KARACHI: Last week, late Sunday night, 15-year-old Ayub*, a resident of Machhar Colony, complained of difficulty in breathing. He had tested positive for COVID-19 on Tuesday and neither Ayub nor his family had any idea how and when he had contracted the coronavirus.
Amid this state of confusion, fright and misery, as they saw Ayub's condition getting worse by the minute, his family members called their relatives to help shift the boy to a healthcare facility.
"We called [an] Edhi [ambulance] but the rescue team was hesitant to shift him," Ayub's father, Rashid*, told The Express Tribune. "However, another Edhi ambulance arrived within 15 minutes," he said, which dropped Ayub, Rashid and his brother, who had accompanied the two, outside Dr Ruth Pfau Civil Hospital, Karachi (DRPCHK).
"They [the hospital staff] first asked us to go to the trauma centre, where we were told to go to the Sindh Institute of Transplantation and Urology instead," Rashid narrated his misery. "I was running from one ward to the other so that my son could be treated. I am illiterate and had little idea where to get him treated."
Feeling completely helpless, he called his relatives from Lyari. In the dark of the night and dreary aura of the hospital, with the fear and uncertainty lingering over their heads, three others had joined Rashid in persistently pleading the hospital staff to guide them with respect to Ayub's treatment.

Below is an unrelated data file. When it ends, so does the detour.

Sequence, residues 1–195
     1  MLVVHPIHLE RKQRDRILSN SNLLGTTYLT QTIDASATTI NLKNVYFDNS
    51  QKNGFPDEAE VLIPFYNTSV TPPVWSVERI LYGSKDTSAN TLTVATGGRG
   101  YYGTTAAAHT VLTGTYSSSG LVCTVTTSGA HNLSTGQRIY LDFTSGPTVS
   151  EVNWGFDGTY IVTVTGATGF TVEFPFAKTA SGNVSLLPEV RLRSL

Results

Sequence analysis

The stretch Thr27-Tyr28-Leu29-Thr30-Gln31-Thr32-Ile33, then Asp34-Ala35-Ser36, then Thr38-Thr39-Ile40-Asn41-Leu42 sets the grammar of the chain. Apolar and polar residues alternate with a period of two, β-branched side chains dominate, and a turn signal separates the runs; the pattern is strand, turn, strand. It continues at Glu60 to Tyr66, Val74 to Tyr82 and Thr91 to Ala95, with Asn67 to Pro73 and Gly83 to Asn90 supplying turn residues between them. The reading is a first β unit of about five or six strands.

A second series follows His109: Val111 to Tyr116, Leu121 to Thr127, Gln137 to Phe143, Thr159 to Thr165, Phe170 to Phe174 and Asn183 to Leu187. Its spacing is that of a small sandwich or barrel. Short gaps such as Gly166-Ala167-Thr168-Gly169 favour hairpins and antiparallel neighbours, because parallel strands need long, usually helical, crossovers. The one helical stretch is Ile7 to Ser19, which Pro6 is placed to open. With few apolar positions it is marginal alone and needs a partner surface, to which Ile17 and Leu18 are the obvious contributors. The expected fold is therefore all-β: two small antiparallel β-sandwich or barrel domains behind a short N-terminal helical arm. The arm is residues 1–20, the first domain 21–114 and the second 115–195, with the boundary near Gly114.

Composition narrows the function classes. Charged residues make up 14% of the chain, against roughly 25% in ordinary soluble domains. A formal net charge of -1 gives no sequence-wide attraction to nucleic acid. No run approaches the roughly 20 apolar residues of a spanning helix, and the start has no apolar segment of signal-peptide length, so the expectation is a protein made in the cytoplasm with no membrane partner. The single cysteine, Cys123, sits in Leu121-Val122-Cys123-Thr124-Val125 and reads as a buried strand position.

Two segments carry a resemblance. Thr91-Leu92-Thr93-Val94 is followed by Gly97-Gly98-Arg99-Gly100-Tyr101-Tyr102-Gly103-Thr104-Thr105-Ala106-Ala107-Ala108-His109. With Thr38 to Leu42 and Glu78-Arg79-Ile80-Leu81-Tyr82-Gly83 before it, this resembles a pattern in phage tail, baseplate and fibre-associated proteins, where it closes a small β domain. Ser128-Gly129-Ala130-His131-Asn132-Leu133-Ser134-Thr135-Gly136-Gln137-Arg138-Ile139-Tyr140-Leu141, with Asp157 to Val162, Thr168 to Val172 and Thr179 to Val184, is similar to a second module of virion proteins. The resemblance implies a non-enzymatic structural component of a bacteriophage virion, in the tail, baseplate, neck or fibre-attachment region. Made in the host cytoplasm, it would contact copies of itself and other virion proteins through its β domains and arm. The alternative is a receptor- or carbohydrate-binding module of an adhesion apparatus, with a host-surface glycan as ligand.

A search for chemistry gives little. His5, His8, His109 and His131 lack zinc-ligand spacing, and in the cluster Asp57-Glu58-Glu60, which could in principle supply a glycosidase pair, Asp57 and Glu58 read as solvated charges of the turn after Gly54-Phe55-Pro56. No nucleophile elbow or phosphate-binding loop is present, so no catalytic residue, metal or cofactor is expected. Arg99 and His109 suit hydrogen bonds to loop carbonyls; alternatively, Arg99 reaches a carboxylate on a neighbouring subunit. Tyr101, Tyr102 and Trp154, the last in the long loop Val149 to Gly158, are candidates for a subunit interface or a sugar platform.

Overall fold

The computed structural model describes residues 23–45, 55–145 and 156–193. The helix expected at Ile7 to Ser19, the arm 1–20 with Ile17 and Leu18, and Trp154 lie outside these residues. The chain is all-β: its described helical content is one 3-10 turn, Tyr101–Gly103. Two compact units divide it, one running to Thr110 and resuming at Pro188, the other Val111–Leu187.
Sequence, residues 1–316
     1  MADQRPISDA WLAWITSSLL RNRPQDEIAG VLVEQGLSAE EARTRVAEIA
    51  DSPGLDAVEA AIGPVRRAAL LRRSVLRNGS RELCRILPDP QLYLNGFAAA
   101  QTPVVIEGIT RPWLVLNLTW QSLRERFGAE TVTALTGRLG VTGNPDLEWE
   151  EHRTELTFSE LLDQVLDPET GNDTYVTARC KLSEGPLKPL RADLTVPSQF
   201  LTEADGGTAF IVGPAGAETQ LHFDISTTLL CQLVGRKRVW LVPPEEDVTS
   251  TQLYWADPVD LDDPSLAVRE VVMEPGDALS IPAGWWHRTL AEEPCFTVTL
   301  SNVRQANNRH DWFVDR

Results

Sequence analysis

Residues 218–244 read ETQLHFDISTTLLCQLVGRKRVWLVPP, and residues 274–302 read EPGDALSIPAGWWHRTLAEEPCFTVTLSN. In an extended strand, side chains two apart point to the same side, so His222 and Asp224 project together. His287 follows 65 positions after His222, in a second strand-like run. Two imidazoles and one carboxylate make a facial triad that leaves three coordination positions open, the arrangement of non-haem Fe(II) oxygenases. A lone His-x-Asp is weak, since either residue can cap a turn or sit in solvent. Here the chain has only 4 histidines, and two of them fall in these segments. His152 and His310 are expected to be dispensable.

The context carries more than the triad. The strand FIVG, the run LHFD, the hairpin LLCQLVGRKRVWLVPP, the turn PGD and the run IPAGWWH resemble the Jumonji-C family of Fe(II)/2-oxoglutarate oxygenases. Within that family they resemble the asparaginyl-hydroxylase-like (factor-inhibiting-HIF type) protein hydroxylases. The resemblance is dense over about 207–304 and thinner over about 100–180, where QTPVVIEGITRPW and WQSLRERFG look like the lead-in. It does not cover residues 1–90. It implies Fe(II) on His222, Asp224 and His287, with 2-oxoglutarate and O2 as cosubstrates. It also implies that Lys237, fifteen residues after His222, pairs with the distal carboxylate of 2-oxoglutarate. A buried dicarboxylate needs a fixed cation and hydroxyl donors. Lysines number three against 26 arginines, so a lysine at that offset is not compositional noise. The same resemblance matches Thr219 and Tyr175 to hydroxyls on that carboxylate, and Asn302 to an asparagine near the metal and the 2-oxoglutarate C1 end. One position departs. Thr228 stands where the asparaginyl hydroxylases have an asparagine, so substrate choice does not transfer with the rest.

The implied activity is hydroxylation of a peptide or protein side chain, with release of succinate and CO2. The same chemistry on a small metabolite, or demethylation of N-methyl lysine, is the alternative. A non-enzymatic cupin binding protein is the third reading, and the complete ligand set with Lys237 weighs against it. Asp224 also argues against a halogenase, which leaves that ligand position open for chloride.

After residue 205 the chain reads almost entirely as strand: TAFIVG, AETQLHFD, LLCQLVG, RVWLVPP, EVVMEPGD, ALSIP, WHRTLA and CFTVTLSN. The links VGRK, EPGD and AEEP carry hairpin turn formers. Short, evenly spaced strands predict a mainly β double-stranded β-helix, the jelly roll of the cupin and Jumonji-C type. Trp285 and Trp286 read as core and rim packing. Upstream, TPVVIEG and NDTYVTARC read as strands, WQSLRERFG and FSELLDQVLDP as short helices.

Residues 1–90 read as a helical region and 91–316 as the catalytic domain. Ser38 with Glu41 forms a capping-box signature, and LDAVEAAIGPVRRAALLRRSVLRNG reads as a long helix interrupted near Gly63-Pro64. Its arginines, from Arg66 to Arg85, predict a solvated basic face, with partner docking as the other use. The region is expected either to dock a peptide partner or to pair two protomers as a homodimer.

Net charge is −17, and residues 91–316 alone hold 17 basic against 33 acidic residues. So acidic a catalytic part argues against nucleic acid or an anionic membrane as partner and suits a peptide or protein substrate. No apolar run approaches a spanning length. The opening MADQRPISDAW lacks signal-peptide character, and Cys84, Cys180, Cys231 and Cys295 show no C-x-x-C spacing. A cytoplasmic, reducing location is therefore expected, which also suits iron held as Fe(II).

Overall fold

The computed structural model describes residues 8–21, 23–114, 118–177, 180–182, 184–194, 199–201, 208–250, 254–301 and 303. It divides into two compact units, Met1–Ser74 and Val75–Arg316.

Eventually, one of Rashid's relatives, Abdul Sattar, contacted the command and control room set up in Karachi, but to no avail. He was told that his complaint was lodged and would be forwarded to the Chief Minister House in the morning.
"It appeared they didn't have any mechanism to guide patients and their families," observed Sattar. "We were continuously asking officials and the staff for help but were contacted by them in the morning when Ayub was already admitted to an isolation ward [at a hospital]." According to Rashid, it took them three long hours to get Rashid admitted to one.
When approached for comment, West District Deputy Commissioner (DC) Fayaz Alam Solangi said that the problem arose due to "miscommunication."
"We have [otherwise] given [clear] guidelines to people to contact the district control room if they need any help or guidance," he said. However, he added that he would order an inquiry to probe as to how come a patient was shifted to a hospital without proper protocol.
However, a health department official, on condition of anonymity, disclosed that there was no proper mechanism in place to guide patients and their families.
"A patient who is just a suspect or not too serious is to be referred to the facility at the Expo Centre and not to a tertiary-care hospital," he explained, adding that it was so because the system of major hospitals would likely to collapse if everybody was shifted there.
"If DCs and district health officials work properly, they would not just be helping patients but also hospitals," he said.
Meanwhile, Ayub is now stable and none from his family has tested positive for the coronavirus thus far. Though, the scare still looms large.
Sattar told The Express Tribune that Ayub's condition had "created panic" in the family and the neighbourhood where he lived. "There are around 50 families in the area, connected to each other like a family," he said, implying that any of them could have contracted the virus.
*NAMES CHANGED TO PROTECT IDENTITIES
Published in The Express Tribune, April 15th, 2020.